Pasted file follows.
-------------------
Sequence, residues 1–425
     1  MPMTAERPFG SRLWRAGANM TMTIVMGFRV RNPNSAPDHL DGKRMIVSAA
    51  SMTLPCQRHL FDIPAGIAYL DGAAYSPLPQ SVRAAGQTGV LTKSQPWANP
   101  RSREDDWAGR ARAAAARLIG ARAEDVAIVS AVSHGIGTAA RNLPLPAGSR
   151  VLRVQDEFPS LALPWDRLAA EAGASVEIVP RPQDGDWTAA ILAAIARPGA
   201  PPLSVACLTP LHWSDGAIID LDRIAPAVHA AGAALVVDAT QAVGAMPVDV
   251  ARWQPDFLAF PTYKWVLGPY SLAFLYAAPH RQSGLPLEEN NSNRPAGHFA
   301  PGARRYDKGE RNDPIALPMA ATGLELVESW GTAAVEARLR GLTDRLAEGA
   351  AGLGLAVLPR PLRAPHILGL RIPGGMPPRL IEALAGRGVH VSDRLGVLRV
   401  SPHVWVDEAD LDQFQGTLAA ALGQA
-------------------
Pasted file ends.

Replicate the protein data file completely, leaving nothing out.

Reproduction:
Sequence, residues 1–425
     1  MPMTAERPFG SRLWRAGANM TMTIVMGFRV RNPNSAPDHL DGKRMIVSAA
    51  SMTLPCQRHL FDIPAGIAYL DGAAYSPLPQ SVRAAGQTGV LTKSQPWANP
   101  RSREDDWAGR ARAAAARLIG ARAEDVAIVS AVSHGIGTAA RNLPLPAGSR
   151  VLRVQDEFPS LALPWDRLAA EAGASVEIVP RPQDGDWTAA ILAAIARPGA
   201  PPLSVACLTP LHWSDGAIID LDRIAPAVHA AGAALVVDAT QAVGAMPVDV
   251  ARWQPDFLAF PTYKWVLGPY SLAFLYAAPH RQSGLPLEEN NSNRPAGHFA
   301  PGARRYDKGE RNDPIALPMA ATGLELVESW GTAAVEARLR GLTDRLAEGA
   351  AGLGLAVLPR PLRAPHILGL RIPGGMPPRL IEALAGRGVH VSDRLGVLRV
   401  SPHVWVDEAD LDQFQGTLAA ALGQA